In the question Is there an energy cost associated with flipping the spin of an electron?, it is shown that it is very unlikely for two hydrogen atoms to bond if their electrons have the same spin. The reason is the very low rate at which such a system would be able to emit photons. This makes me think that a bottle of $\ce{H1}$ could be prepared if the spin-up hydrogen was separated from the spin-down hydrogen with an apparatus like the one used in the Stern-Gerlach experiment. Is it true that the spin transition can be ignored for "all practical purposes" (see linked question), or can tanks of spin-aligned $\ce{H1}$ only exist for times uninterestingly short for chemical purposes?

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    $\begingroup$ Not long at all. $\endgroup$ Commented Oct 8, 2019 at 15:41
  • $\begingroup$ Assuming the tank survives ... $\endgroup$
    – Ian Bush
    Commented Oct 8, 2019 at 16:21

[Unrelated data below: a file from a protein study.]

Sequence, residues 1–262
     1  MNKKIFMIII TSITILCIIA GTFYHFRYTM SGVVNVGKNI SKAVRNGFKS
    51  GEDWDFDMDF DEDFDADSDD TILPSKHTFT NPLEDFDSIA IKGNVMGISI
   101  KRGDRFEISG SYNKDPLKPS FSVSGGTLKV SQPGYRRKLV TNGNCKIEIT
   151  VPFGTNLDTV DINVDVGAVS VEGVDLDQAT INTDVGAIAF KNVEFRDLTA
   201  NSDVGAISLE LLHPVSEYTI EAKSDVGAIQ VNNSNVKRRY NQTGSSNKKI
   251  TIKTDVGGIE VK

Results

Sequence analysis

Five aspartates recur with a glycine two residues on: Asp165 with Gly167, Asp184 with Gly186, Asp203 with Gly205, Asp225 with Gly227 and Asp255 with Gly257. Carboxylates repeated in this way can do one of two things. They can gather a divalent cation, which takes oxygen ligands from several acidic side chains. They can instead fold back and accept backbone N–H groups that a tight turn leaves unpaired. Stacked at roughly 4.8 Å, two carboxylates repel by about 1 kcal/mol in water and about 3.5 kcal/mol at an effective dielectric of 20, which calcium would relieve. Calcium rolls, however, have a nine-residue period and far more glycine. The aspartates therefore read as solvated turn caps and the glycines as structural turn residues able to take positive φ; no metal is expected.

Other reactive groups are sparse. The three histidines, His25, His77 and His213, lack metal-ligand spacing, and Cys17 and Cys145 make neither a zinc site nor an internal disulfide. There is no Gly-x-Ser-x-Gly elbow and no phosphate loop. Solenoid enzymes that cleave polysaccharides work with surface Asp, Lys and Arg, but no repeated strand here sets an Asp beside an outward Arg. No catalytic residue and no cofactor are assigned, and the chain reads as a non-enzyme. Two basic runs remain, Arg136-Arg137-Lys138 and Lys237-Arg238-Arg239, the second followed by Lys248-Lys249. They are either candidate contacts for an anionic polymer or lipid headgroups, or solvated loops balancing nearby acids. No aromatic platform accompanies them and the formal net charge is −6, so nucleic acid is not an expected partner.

• $\begingroup$ I doubt this experiment would be a valid "practical purpose". ;) Also spin relaxation typically occurs via energy exchange with the "lattice", not photon emission. Unless your tank had no walls and its content was infinitely dilute, it would present a suitably solid lattice for your electrons. $\endgroup$
    – Karl
    Commented Oct 8, 2019 at 18:10
  • $\begingroup$ And wouldnt one stray 21/cm photon self amplify like crazy? $\endgroup$
    – Karl
    Commented Oct 8, 2019 at 18:19
  • $\begingroup$ @Karl What if the vessel was lined with a compound that only exposed "spin-saturated" atoms to the gas, atoms whose electrons could not possibly accept any more spin? Is such a material possible? $\endgroup$ Commented Oct 8, 2019 at 18:23


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